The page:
Like the idea of game-based learning, but not sure how it would work practically in your classroom? By its nature, game-based learning involves turning over a certain amount of the learning process to your students. While this promises to boost motivation and increase independence, it can also cause a headache if you don’t have some basic procedures and routines in place. With that in mind, here are some tricks to ensure that game-based learning is fun and engaging for everyone.
Trick #1: Talk About What’s Fair
Chances are, playground life has already made your students develop some strong ideas about what’s fair during gameplay. Encourage students to talk about what this idea means to them, sharing specific examples such as taking turns and waiting patiently while another player makes his or her move.
Ask students about what’s fair during individual game play, too. For example, is it fair for someone who’s already completed a level of a video game to share how to win? Why or why not? Use students’ ideas to formulate some basic ground rules about gameplay in your classroom.
Trick #2: Let Students Solve Their Own Disputes
While disagreements are a natural part of gameplay (even grown-ups can get combative during a heated game of Monopoly), the key is learning to solve these disputes without calling for the teacher’s attention. As a class, you might create a path for students to follow if a problem arises. For example: 1) Explain how you are feeling using “I” statements. 2) Let the other player state his or her opinions. 3) See if you can come to an agreement. You might appoint peer mediators to handle issues that students can’t resolve on their own.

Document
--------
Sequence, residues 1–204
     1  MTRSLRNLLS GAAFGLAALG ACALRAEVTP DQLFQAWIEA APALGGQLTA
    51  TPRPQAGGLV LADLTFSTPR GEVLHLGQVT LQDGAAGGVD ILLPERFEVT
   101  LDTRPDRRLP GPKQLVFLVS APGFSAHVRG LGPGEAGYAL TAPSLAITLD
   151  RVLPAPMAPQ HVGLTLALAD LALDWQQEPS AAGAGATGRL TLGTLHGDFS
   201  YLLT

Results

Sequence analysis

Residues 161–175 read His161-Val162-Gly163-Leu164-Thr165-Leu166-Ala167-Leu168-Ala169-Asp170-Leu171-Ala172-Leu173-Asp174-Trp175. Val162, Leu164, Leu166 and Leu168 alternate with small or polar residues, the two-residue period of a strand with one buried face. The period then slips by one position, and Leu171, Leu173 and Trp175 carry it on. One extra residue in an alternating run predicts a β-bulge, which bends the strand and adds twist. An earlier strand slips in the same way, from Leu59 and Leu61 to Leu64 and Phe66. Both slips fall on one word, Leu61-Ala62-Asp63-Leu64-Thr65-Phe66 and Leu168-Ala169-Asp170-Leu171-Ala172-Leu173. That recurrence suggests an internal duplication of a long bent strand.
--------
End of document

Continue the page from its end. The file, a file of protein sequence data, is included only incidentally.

Trick #3: Create a System For Taking Turns
When you only have one iPad or a single edition of a student-made board game about Egypt, you need a fair and clear policy for making sure that everyone gets a chance to play. We like the app Teacher’s Pick which lets you call on students randomly. Or you can make an old-school chart that shows the various games and stations in your room and students can rotate through.
Trick #4: Establish Gameplay as a Privilege
Because gameplay is typically a fun and interactive way to learn the material, students should be expected to stay on task and not abuse the increased freedoms that come from a more open classroom environment. If a student is goofing off while he or she is supposed to be playing a board game or browsing unrelated websites online, try providing the student with a more directed activity, such as a worksheet, until the end of the session.
Trick #5: Keep the Focus Off Winning and Losing
When it’s possible, focus on students’ individual progress toward a goal rather than the winners or losers of a game. That doesn’t mean you have to ban winning and losing completely—that isn’t reflective of true gameplay or of real life. But no matter the outcome, talk about what all players can do better next time. After all, real winners don’t sit around basking in their glory—they constantly seek ways to improve.
Question for you: How do you keep things running smoothly during classroom gameplay?